Former Navy handler Timbrel Hogan has more attitude than her Explosives Detection Dog, Beowulf, but she’s a tough woman who gets the job done. Green Beret Tony “Candyman” VanAllen likes a challenge and convincing the hard-hitting handler they belong together might just get him killed.
When tragedy strikes and Tony’s career is jeopardized, Timbrel must re-evaluate her priorities—and fast! A terrorist plots to unleash a weapon of mass destruction on American soil. Can Timbrel and Beowulf track the chemicals in time? Will Tony surrender everything to save the woman nobody believes in?
With her thrilling and emotive stories, Ronie Kendig’s name has become synonymous with the military romantic suspense subgenre. Her latest book and the finale to the A Breed Apart Series, Beowulf: Explosives Detection Dog (Barbour), places a magnifying glass on the formidable dangers and challenges that face servicemen and woman on a daily basis, whether deployed or stateside. Beowulf takes readers to new depths in what is one of her most evocative stories yet.
Book 3 of the A Breed Apart trilogy sees the return of Green Beret Tony (Candyman) VanAllen, Kendig’s most combustible heroine, dog handler Timbrel Hogan along with her temperamental guardian and service dog Beowulf. The foundation for the trios partnership has been laid in previous instalments, so readers of the series will already be familiar with the engaging and constant bantering between the main characters, human and canine. Timbrel’s impenetrable defences serve as a protection against the unspeakable trauma of her past. Her personality is unyielding and her tongue merciless against those who defy her or attempt to draw too near. Her character foil, Candyman, is as stubborn as he is charismatic making him the only man brave enough to challenge Timbrel’s volatility and lay siege against her heart.
Kendig’s clever use of wit and comedy in Beowulf and Candyman’s battle of wills gives moments of reprieve to the intense context and plot with laugh out loud moments. Beowulf is an active participant in scenes and dialogue with his antics and role as protector, deservedly earning him the titular rights to the book. In fact, every character, whether animal or human, in this novel and series play a crucial role in the complex plots.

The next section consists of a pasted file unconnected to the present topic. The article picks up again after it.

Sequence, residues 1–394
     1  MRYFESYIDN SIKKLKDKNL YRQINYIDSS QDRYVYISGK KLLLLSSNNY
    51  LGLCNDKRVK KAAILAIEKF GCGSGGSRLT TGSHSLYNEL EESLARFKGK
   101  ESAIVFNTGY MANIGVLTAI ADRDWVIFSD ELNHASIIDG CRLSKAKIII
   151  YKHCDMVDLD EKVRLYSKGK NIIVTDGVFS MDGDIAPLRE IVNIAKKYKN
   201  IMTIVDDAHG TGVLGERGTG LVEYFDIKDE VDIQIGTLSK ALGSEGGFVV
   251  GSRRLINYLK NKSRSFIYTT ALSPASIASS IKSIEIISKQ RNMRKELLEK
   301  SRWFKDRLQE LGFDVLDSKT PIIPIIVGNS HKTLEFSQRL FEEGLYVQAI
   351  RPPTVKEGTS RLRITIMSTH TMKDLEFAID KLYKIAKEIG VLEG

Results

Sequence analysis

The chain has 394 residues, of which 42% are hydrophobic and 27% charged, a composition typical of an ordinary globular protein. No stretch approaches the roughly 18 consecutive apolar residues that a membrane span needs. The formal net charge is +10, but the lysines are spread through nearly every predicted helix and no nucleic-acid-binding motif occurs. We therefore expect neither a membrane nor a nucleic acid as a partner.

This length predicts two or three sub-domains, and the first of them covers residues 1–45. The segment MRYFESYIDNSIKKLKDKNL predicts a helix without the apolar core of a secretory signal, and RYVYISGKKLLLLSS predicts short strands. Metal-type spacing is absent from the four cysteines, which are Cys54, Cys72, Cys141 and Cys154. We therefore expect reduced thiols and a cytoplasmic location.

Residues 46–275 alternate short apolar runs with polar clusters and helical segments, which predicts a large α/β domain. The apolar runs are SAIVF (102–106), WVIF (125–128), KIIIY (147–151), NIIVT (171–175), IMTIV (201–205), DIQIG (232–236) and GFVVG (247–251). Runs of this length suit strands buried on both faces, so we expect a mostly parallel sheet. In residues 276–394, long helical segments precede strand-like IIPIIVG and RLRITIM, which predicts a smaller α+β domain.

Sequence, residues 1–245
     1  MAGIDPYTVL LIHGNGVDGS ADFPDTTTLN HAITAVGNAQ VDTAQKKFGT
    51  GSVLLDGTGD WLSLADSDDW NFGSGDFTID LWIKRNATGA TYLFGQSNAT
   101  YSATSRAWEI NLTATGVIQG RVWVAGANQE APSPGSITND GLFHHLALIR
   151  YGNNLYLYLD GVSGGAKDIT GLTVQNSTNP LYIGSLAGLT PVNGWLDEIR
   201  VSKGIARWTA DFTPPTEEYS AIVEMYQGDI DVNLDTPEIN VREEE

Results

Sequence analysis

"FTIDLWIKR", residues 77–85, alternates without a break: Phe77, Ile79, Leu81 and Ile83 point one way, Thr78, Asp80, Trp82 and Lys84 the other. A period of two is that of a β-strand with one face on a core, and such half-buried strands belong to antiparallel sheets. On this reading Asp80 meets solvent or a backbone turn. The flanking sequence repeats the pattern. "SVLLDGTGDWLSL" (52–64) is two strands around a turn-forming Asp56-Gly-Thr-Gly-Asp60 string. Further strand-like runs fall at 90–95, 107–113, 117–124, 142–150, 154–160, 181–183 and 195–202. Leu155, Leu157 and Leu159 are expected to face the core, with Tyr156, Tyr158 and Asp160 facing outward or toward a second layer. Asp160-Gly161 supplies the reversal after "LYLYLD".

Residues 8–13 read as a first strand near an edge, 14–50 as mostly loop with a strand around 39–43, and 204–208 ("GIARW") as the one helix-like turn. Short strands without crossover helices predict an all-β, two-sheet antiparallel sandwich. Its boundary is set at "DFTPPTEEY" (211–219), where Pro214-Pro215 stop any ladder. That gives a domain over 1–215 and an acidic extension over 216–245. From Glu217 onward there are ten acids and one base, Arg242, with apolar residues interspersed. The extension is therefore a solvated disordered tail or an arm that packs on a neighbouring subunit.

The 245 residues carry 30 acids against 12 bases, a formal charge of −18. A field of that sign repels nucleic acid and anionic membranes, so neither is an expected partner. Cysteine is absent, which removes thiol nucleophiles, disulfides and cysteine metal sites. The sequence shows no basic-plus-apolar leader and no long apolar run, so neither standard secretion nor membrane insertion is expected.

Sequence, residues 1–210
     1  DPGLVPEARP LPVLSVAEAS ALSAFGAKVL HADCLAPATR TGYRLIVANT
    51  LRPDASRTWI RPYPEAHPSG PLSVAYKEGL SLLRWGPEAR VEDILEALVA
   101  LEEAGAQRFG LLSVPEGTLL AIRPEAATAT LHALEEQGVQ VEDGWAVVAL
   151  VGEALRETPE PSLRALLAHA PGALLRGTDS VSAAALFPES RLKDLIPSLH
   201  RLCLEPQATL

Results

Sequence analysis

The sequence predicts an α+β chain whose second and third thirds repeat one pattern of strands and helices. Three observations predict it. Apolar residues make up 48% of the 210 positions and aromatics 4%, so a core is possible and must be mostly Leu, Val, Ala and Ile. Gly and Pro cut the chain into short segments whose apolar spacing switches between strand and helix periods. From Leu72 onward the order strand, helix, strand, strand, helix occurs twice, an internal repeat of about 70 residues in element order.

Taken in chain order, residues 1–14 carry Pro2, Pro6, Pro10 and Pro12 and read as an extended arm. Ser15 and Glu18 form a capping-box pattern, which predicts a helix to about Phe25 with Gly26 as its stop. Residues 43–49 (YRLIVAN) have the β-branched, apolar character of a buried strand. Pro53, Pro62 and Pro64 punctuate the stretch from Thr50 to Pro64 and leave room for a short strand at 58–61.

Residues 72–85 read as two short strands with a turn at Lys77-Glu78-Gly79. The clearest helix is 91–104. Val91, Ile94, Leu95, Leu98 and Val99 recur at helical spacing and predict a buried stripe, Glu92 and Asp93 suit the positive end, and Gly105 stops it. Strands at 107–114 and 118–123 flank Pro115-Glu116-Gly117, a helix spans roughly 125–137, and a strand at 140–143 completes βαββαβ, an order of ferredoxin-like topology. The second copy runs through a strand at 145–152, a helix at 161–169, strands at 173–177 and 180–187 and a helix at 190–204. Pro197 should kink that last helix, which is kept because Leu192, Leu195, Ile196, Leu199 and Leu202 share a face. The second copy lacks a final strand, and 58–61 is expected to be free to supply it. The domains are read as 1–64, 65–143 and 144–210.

More than just recounting the stories of valiant soldiers, Beowulf exposes the harrowing elements of a life of service: traumatic brain injuries, PTSD, sexual assault, amputations, disintegrating family structures. Never told in an accusatory or belittling fashion, the goal is awareness and appreciation for the personal battles weathered while ensuring freedom. Kendig’s writing expresses the utmost respect and gratitude for the American armed forces, honoring their sacrifices with her tales of tactical and emotional bravery. She keeps their dedication and sacrifice at the forefront of a reader’s psyche while spinning a tale of love, intrigue and adventure. Drawing inspiration from real men and women gives her characters a dimensionality and relatability that burrows them deep in the heart of a reader.
Kendig aims her words with precision, a markswoman with a pen. She can induce terror as easily as affection with her deft use of description and subtext. Her portrayal of the threat from a terrorists point of view is chilling in its authenticity. Scenes of tactical engagement and battles lead readers through gut wrenching reactions that are visceral. Romantic elements are never saccharine but built upon real emotions and the triumphs and failures of human nature. In a word, Ronie Kendig’s writing is gritty.
Beowulf is a bittersweet conclusion to an adrenaline driven series with heart and passion. Dive in to the terrorist underworld and encounter indomitable characters of courage and honor that readers can champion toward victory in all its forms.